Long ago in ancient times– when I was five years old– an old man in my church had a pocketful of anise mints. He handed one to each child after the church service. I do not remember the circumstances, but I do remember the mints and that he was approachable.
My husband kept a jar of orange slices on the bookshelf in his office. The door was always open, and often between church services or afterwards, children and adults passed through his door carrying an orange slice or chomping happily as they left his office. Mark, my husband, used this opportunity to convey the idea to anyone, young or old, that he was easy to approach.
Recently, I decided to follow the same pattern. I started carrying some kind of candy or treat in my purse, mainly for my grandchildren. After the morning service, three of the grands came looking for me to see what fun thing I had in my purse. Word spread. Now, I have become the Candy Nana. I feel a little like the Pied Piper of Candy at church.
Because I am flocked each week with wee ones looking for a handout, I decided that I needed to make them perform for the treat. First, I started with hugs. I can’t get enough of those. Then I decided that the hugs were coming from a disingenuous place, so I changed tactics. Now I ask the kids what they learned in Sunday School or Junior Church. They may have to sing a song or tell me what good thing they did during the week.
I like to surprise them by changing up the treat. This week was the ultimate disappointment, but boy, did I laugh! I gave the kids Dr. Suess bookmarks and black licorice nibs. I laughed as I watched the kids look suspiciously at the black pieces before tasting them tentatively. The facial expressions were worth every nib. When I gave them the bookmarks, they looked a little puzzled. I like to encourage reading books. Every Sunday cannot be about getting candy.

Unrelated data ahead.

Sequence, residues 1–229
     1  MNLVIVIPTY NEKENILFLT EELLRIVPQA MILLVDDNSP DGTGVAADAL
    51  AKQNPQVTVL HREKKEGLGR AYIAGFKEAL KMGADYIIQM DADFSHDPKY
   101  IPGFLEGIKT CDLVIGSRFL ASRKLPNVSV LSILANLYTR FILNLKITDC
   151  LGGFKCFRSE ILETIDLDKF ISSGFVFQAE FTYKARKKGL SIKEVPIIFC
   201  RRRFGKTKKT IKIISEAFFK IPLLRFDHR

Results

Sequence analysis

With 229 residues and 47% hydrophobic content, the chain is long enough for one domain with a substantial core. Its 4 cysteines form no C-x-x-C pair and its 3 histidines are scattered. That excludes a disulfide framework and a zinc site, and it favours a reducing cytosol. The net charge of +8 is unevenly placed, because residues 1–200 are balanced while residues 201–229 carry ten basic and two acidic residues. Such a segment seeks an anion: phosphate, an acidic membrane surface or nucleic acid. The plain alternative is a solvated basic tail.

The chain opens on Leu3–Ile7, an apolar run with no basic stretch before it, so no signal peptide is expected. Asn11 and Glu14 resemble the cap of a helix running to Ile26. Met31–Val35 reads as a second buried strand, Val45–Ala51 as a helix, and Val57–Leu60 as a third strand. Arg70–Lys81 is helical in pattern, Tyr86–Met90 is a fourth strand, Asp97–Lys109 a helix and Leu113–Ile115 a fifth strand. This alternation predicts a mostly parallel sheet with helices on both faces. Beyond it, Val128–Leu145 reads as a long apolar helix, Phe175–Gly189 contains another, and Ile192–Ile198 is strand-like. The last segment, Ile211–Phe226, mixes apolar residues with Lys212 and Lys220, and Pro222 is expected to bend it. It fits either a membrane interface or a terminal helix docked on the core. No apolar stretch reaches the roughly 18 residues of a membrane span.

As I thought about this weekly candy handout–or candy welfare–I began to think about the reasons kids come to see me. I have something they want. While some like me because they know me well, others do not know me at all. The thing that matters to them is that I have something that they want. They do not want to miss out on a great opportunity to get something for free. They will do anything that I tell them to do for a piece of candy. Their affection may not be from the heart, but they will offer a hug anyway. Fundamentally, the kiddies are looking for a handout. (I’m not going to write about the parallels to our welfare system. I’m sure that you can see it for yourselves.)
I see the benefit to being around these kids. Older people–I cannot believe that I am putting myself in this category–can encourage these little people in a culture that often disregards children or pushes them away. Some children need someone to listen to them or show interest in them, even for a few minutes. I’m reminded that the disciples tried to detour the children from contact with Jesus, but Jesus gathered the little ones in his arms and spoke to them gently. He used them as an object lesson about faith and the kingdom of God.
I do not want to be the Old Ogre Church Nana. I like having the opportunity be approachable, as my husband demonstrated in his pastoral experience. Who knows if at a future point in one of these lives, I may have the chance to help, encourage, advise, or be a friend to a young person who once came on Sunday after church to Candy Nana for a licorice nib and a bookmark.